Oil fell toward $71 a barrel on Wednesday, giving up some of its previous session gains of 2 percent, as an industry report showing a surprise build in U.S. crude oil stockpiles again stoked concerns over demand revival.

But a weak U.S. dollar, which hit a one-year trough against the euro on Wednesday, helped limit oil's decline, analysts said.

U.S. crude for November delivery fell 27 cents to $71.48 a barrel by 11:38 p.m. EDT. The October contract, which expired on Tuesday, rose $1.84 to settle at $71.55 a barrel.

London Brent crude fell 21 cents to $70.32.

The API report is bearish and it's showing that energy demand in the U.S. is still very weak, said Benson Wang, a trader at Commodity Broking Services in Sydney.

Crude stocks rose 276,000 barrels in the week to September 18, the American Petroleum Institute said on Tuesday, against a Reuters poll forecast for a drawdown of 1.5 million barrels.

The increase in crude inventories was driven by higher imports, that rose 219,000 barrels per day (bpd) as well as slower refinery runs, which dipped 92,000 bpd, the API said in its weekly report.

The API report is seen as a precursor to more authoritative data from the U.S. Energy Information Administration, which will be released later on Wednesday.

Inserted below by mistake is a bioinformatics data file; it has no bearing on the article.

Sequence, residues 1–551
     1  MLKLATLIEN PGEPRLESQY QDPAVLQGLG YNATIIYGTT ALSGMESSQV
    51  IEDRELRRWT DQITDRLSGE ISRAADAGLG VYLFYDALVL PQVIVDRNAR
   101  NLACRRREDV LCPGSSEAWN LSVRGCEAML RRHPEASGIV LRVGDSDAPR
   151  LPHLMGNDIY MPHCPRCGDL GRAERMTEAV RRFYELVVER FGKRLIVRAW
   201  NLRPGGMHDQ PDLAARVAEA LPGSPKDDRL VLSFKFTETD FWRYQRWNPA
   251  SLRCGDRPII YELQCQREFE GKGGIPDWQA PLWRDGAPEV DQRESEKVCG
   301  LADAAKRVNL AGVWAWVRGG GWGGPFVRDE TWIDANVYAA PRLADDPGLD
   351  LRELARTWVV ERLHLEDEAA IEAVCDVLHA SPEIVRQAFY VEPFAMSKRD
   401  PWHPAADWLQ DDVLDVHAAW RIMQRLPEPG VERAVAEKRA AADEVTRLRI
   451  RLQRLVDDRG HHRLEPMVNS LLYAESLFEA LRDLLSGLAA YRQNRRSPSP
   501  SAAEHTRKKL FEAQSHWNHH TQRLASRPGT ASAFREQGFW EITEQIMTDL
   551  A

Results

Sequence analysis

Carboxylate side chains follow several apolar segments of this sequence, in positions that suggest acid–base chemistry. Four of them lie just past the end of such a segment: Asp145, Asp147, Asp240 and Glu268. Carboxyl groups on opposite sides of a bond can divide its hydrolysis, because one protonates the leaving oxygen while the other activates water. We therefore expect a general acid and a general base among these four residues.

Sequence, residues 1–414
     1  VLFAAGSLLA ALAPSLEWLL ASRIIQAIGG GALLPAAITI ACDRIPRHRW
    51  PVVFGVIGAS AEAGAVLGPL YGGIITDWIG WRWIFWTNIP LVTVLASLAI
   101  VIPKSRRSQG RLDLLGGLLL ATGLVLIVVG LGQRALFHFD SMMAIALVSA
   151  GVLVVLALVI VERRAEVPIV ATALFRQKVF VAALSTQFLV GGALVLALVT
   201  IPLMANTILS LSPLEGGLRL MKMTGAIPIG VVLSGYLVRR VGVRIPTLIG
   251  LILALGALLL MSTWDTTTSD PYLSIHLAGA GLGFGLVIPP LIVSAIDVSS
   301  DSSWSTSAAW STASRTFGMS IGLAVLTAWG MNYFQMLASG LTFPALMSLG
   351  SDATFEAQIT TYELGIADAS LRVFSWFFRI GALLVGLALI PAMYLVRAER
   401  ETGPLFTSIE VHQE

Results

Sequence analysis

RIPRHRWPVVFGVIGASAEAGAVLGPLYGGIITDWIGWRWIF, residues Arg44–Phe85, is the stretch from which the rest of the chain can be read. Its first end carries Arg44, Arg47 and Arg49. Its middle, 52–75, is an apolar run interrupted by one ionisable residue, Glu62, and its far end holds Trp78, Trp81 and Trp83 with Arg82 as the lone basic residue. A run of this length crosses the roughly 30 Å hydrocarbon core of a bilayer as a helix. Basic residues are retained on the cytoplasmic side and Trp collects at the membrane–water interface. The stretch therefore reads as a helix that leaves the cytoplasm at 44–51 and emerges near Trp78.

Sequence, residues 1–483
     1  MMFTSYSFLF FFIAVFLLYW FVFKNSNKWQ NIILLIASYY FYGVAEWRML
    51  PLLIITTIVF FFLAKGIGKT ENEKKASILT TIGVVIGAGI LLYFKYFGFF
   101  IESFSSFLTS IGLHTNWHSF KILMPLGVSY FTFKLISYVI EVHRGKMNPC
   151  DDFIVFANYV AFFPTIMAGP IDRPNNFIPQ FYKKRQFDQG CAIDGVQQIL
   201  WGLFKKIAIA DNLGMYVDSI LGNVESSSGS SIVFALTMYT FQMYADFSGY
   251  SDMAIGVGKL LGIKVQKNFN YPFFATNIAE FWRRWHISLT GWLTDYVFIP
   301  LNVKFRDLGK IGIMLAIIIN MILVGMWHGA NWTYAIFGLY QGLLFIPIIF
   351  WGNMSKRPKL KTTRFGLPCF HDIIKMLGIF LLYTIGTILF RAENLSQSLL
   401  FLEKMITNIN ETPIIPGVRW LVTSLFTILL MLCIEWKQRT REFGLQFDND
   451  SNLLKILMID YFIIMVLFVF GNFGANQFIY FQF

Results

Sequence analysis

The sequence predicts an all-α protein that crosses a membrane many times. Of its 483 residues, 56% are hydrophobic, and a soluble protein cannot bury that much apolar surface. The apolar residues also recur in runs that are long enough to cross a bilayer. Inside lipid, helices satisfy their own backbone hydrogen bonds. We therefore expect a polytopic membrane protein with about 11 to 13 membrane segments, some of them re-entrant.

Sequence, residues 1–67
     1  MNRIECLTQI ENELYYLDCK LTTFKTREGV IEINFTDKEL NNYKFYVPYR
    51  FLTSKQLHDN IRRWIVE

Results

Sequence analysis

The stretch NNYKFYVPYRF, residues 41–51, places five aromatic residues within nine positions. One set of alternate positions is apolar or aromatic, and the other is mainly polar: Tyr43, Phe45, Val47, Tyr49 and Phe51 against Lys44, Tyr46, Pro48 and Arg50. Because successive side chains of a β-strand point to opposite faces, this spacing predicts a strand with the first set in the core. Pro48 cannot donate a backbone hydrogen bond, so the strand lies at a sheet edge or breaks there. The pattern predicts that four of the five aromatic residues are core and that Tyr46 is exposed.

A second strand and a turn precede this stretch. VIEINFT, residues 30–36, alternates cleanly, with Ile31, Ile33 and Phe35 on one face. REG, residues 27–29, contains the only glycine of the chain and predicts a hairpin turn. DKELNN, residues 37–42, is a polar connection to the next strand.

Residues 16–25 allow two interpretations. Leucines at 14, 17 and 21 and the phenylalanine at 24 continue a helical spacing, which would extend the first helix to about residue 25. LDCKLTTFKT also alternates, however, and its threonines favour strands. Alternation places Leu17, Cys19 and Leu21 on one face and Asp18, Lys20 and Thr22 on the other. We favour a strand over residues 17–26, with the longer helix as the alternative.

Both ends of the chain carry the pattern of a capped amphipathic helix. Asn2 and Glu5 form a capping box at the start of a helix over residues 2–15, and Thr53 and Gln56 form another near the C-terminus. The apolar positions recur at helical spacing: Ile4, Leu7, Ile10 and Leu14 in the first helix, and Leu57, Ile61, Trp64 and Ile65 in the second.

Analysts said weakness in the U.S. dollar, however, had offered some support to oil and commodities prices. The dollar <.DXY> fell 0.25 percent to 75.928 points against a basket of key currencies, as hopes for global economic recovery prompted investors to switch to higher-yielding currencies from the safehaven dollar.

While the Federal Reserve Bank is widely expected to hold interest rates steady, markets will be watching for comments later on Wednesday that indicate the Fed might wind back its super-accommodative policy stance in view of improving economic data, which would boost the dollar, analysts said.

Separately, OPEC kingpin Saudi Arabia told Reuters in an interview on Tuesday that demand for Saudi crude was increasing, and that was reflective of the world's economy recovering from its worst recession since the Great Depression.

Saudi Arabia's oil minister Ali al-Naimi also said that OPEC would not need to cut output next year, based on latest figures on supply and demand.

(Reporting by Fayen Wong; Editing by Clarence Fernandez)